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Reducing household energy bills is one of the key priorities many homeowners are faced with right now. Electricity and other household bill prices have been on the increase for the majority of the last decade, but the recent spike in prices we have experienced is something many were completely unprepared for. 

Electricity prices have increased by a whopping 7% this year alone, a number much higher than originally predicted. Alongside rising electricity costs, we are now also paying much more for food, petrol, and common household items due to inflation hitting an all-time high. 

It comes as no surprise that all of these factors have put immense pressure on homeowners and tenants alike. The majority of the UK’s population is looking for ways to cut down costs and reduce their monthly outgoings. As much as everybody is likely to feel a pinch following the sudden rise in prices, there are certain things we can do to try to keep costs at bay. 

Our monthly outgoings can normally be split into 4 main categories; bills, rent/mortgage, transport, and leisure. If you are a tenant, it is likely that the price of your rent is non-negotiable, and might actually be more likely to increase, as landlords are looking for ways to make some additional income.

If you are a house owner, your monthly mortgage repayments should remain the same unless you are on a standard variable rate (SVR) mortgage. If that is the case, or your fixed rate term is coming up to an end, your best bet in the current circumstances might be to remortgage, to lock in another fixed rate deal. 

Interest rates have been rapidly increasing which is one of the main causes of concern for homeowners. Those who are on a fixed rate term will not be affected unless close to the end of their term, however, individuals who are on a standard variable rate are likely to see an increase in their mortgage repayments.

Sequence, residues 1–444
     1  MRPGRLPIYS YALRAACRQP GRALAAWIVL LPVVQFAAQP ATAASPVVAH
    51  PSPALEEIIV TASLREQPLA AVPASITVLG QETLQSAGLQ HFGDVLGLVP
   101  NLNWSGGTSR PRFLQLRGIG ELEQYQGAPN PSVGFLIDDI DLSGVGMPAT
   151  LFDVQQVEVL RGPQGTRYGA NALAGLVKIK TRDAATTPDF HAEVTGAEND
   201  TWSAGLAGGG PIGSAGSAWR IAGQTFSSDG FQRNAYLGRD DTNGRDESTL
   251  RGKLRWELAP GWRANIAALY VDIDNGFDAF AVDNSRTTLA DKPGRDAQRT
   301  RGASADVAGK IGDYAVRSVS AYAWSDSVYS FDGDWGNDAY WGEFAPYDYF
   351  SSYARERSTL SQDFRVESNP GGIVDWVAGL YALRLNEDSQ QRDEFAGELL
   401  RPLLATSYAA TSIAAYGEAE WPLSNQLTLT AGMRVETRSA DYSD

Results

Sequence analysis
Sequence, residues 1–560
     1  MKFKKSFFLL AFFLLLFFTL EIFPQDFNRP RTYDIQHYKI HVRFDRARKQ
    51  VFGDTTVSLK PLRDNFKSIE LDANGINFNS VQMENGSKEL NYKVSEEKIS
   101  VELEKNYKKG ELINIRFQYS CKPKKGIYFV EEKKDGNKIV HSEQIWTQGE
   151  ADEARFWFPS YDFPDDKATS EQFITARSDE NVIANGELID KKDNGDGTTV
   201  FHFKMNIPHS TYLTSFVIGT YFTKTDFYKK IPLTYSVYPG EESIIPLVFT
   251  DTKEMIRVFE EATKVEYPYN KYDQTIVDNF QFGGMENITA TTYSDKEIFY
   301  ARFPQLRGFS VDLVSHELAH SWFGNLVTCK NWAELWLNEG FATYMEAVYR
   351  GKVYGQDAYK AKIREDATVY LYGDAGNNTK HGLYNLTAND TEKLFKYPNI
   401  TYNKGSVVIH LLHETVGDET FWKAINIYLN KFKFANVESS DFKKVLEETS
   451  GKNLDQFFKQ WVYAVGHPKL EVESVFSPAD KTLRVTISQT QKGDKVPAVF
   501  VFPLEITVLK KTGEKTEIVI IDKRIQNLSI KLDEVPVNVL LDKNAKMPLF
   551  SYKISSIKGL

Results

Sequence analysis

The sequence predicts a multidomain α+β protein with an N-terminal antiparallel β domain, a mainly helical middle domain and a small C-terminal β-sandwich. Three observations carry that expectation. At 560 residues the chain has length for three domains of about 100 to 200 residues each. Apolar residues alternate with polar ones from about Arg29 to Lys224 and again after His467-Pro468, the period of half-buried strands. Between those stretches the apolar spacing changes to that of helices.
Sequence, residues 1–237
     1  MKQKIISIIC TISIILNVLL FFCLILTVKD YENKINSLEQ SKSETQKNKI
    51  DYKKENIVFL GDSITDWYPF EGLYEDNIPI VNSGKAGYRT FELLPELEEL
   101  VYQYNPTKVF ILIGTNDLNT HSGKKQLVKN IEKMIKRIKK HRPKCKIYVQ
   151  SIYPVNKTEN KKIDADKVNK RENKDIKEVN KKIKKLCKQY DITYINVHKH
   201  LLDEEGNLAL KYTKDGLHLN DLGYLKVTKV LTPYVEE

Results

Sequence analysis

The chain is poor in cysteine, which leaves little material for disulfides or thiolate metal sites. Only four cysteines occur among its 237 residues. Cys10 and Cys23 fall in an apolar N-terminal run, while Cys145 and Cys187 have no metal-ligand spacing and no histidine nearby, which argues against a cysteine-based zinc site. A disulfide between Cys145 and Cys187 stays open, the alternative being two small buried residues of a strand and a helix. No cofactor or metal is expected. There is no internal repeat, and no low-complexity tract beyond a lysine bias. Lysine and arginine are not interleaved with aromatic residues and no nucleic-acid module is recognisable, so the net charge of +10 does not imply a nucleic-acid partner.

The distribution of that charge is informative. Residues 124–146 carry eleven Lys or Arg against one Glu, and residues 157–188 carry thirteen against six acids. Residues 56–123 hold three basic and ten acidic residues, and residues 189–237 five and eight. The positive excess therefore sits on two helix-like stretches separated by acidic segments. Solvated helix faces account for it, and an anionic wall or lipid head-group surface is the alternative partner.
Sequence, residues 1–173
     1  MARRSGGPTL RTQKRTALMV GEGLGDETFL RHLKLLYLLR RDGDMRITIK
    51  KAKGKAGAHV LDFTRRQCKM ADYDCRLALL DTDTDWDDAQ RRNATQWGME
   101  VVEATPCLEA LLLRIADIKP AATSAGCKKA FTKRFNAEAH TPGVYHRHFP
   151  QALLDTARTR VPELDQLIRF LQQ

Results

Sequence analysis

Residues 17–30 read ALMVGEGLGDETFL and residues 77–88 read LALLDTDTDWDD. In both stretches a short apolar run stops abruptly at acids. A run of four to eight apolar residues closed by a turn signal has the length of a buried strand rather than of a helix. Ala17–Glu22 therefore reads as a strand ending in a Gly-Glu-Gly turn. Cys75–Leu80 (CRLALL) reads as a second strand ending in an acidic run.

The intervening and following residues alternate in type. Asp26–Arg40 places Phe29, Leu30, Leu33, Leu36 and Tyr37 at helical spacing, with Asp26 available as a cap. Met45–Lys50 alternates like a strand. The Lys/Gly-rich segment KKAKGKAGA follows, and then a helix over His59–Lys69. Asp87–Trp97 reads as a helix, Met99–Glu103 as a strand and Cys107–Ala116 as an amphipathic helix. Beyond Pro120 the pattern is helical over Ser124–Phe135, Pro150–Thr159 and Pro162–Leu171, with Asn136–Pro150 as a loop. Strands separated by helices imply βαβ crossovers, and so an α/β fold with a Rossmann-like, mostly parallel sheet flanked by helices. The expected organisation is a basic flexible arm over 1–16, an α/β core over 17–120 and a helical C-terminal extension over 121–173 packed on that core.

The majority of us are likely to feel the effects of the current economic situation and look for solutions or ways to cut corners to reduce our costs of living to fit our previous budgets. We have outlined some of the main things you can do to slash your bills and regain control over your monthly payments below.

How to reduce your energy bills

The average family home occupied by four people is said to use 13 electronic appliances. Our reliance on technology has increased further since 2020, and has probably reached an all-time high as working from home becomes more common. We no longer use our electricity in short bursts in the mornings and evenings, many households now remain plugged in throughout the day - which probably makes it one of the worst times for the electricity to surge in price as it has. 

Below, we have outlined some of our main tips that will help you keep your electricity costs down:

  • Look out for ‘A’ energy rating - All of your appliances should have an energy rating, particularly ones you are likely to use recurringly such as your fridge, washing machine, dryer, kettle, or toaster. As much as each device on its own may not appear to use up a lot of energy, multiple appliances combined can have an impact on your annual bill. By looking out for ‘A’ energy rating you know that your appliance is as energy efficient as it can be, which can cut down your bills by a significant amount every year. 

  • Get a smart meter or energy monitor - A smart meter can help you understand your energy use and when you use the most electricity giving you an idea of how to cut back and help you keep your bill smaller. 

  • Use LED or other energy-saving devices - This one is a no-brainer. In the current day and age, you should aim to use energy-efficient lighting across your house to keep energy costs at bay. Compact fluorescent lamps use around 70%-80% less electricity than equivalent traditional bulbs, and last even up to 10 times longer than traditional bulbs helping you save money further. It’s also worth taking into consideration any outdoor lighting you may have around your property, which can be easily switched to solar panelled lights, taking them off your energy bill altogether.